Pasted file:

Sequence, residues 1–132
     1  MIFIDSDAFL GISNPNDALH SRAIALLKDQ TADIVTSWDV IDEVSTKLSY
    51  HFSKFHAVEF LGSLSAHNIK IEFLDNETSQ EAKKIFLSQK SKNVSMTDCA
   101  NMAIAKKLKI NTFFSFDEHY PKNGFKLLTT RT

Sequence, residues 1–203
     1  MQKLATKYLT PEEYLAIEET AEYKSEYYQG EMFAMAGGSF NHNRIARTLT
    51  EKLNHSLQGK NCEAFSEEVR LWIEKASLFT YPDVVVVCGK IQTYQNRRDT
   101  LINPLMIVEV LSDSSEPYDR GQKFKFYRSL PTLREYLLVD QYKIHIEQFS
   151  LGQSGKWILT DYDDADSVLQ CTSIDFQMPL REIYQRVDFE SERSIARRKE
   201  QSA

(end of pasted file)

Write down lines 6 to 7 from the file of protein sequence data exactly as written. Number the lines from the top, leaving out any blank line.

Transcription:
     1  MQKLATKYLT PEEYLAIEET AEYKSEYYQG EMFAMAGGSF NHNRIARTLT
    51  EKLNHSLQGK NCEAFSEEVR LWIEKASLFT YPDVVVVCGK IQTYQNRRDT